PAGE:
Pallbearers lead the casket out of the church after the State Funeral of Sir Ninian Stephen
Prime Minister Turnbull hardly covered himself in anything close to glory this week when he tried to hose down the dual citizenship debacle.
Not that he has exactly been showered with plaudits over any policy pronouncements lately.
His bluster about the “non-audit” sounded confected and a tad sad. I will concede, I was touched by his defence of Environment Minister Josh Frydenberg and the Holocaust reference to his mother fleeing Hungary as a persecuted, displaced, stateless person.
But he lost me when he started talking about witch-hunts not being “the Australian way” and how we shouldn’t badger MPs to show proof of sole citizenship.
“We must not be dragged into a lynch mob, witch-hunt, trial by innuendo and denunciation.” Yeah, right.
Didn’t I see the same PM, in full flight, in the House of Reps the other day, demanding Opposition Leader Bill Shorten produce written proof of his Australian citizenship? And to the government’s chagrin, he did.
The government could have handled all of this so much better because, even now, with the PM’s wimpish “self-declare” formula there will be, as Barry Humphries would say, tears before bedtime.
Three times, in recent months, the crossbench, led by the Greens and yours truly, tried to get this constitutional knot referred to the Senate Legal and Constitutional Affairs committee. They (we, I’m a member) would then install an independent auditor. Could have been done and dusted quickly and cheaply. Most of the crossbench voted for it. The Libs, Nats and Labor voted against it.
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My anger and frustration about the government’s dithering (and I suspect, deceit) was reflected in a series of tweets I sent out on this issue over the weekend.
To paraphrase them, I said: why didn’t Stephen Parry, John Alexander and Alex Hawke put their hands up four months ago? This is a disgrace. Turnbull, O’Dwyer, Morrison, don’t get it. After Senate President Parry’s deception, the voters don’t trust pollies to tell the truth. Neither do I.
And the chutzpah of The Hanson attacking Turnbull over section 44 citizenship flaws; didn’t she “hand on heart” defend the illegitimate “Senator” Malcolm Roberts? By this week, even Pauline was being asked about possible dual citizenship from that time in 2010 when she denounced Australia and said she was getting a British passport and going to live in self-imposed exile.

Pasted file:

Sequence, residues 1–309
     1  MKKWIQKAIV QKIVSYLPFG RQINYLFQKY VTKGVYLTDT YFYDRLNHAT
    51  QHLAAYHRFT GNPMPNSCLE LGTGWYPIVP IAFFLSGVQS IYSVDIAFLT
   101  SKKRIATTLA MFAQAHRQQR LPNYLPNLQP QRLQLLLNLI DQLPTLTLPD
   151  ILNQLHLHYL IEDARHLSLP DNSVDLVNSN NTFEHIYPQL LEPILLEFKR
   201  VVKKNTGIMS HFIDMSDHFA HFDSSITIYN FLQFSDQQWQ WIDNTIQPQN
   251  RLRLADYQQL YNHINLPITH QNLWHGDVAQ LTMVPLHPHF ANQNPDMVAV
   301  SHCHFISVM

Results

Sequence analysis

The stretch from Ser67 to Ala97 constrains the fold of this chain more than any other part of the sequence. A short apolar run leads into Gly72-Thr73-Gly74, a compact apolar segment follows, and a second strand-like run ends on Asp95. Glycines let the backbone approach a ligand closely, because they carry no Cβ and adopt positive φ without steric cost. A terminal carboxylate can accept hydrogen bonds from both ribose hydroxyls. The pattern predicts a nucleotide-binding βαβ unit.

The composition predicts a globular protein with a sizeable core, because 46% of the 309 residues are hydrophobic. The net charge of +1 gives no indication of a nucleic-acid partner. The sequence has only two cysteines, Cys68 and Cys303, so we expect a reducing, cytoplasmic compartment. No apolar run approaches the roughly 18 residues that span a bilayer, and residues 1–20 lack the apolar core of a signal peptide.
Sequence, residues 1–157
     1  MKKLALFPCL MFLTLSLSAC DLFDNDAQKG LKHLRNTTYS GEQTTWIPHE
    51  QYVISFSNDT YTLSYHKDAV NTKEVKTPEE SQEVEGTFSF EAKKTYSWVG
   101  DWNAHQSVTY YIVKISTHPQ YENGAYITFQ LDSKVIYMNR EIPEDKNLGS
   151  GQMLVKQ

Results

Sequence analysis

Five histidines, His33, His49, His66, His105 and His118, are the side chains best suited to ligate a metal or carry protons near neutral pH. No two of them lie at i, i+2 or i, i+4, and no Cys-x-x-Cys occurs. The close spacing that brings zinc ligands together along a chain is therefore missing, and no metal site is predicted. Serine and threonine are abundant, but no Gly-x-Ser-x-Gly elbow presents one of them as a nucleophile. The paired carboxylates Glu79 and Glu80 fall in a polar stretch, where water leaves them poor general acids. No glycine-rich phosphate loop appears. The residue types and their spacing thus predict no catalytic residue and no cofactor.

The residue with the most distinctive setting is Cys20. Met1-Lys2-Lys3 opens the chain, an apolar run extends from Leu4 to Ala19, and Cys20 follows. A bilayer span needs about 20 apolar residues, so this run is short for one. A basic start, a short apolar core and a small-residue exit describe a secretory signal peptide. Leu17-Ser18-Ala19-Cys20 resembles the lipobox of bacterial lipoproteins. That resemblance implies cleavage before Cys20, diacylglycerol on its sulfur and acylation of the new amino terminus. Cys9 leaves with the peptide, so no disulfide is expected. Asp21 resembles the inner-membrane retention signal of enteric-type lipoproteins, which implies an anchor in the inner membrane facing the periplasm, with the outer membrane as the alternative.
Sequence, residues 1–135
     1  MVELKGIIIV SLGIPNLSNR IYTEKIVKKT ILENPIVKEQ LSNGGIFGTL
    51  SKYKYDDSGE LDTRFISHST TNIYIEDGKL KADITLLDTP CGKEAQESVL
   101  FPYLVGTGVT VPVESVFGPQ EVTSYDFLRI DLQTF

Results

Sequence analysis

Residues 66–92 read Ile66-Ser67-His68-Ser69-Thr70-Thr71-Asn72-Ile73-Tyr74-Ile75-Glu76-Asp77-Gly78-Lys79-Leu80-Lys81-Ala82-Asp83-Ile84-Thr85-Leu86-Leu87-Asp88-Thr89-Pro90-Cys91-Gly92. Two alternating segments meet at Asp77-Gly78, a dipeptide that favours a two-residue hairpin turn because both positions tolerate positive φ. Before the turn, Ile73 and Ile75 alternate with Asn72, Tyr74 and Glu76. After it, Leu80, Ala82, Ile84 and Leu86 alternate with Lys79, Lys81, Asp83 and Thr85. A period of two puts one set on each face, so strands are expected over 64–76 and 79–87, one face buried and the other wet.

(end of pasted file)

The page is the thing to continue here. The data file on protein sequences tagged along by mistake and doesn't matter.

I had a long talk with Greens leader Richard Di Natale this week. When the Senate resumes next week, I will support him, again, in a push to get this issue to a Senate committee to appoint an independent auditor. As I said, it wouldn’t be expensive and would kill this issue, once and for all.
In the meantime, the punters think politicians are liars and don’t believe self-reporting is viable. They don’t trust us.
If it weren’t so serious, and such a serious threat to the Turnbull government’s tenure, you’d have to consider the Monty Python aspects of all this.
John Alexander, now under threat in John Howard’s old seat of Bennelong, gets the Greek justice of the peace in his local chicken shop to witness some papers. The chicken burger king says they were about citizenship. The former tennis king’s staff say now it was “about finance for a car”.
And what happened to all that smug talk about Labor’s sophisticated checks and balances?
Two of their reps in “the other place” — Justine Keay and Susan Lamb — could be up Barnaby’s creek without paddles if it turns out their renunciations of British citizenship, through their fathers, weren’t processed by June 7, 2016, the date nominations closed. Under the strict interpretation the High Court used to banish five of the munificent seven, just setting renunciation in train might not be enough to avoid a by-election,
In talks to Year 11 and 12 students about the media, I always tell them to “keep the fire in your belly” and often finish by describing my past life as “having a seat on the aisle of history”.
I felt a bit like that yesterday, in my new job. Not a seat on the aisle but one in the pew behind.
At the state funeral for former governor-general and High Court judge Sir Ninian Stephen, I was sitting just behind former governors-general Sir William Deane, Quentin Bryce and Peter Hollingworth. Nearby were former prime minister John Howard and the current governor-general Peter Cosgrove.
Former High Court judge Michael Kirby and former Hawke minister Gareth Evans delivered clever, entertaining eulogies.
Dunno about you, but at most funerals, after a touching tribute, I often lead the applause.
In Melbourne’s soaring St.Paul’s cathedral, there was just an awkward silence as the speakers resumed their seats.
South Australian Senator Don Farrell was listed on the rundown to represent Opposition Leader Bill Shorten. But Bill turned up at the last minute to sit near his mum-in-law Quentin. Don was relegated to sit next to me.
As Turnbull got up to deliver a reading from the Song of Solomon, Farrell whispered: “Song of Solomon, he’ll need the wisdom of Solomon to get out of the dual citizenship mess.” He was right.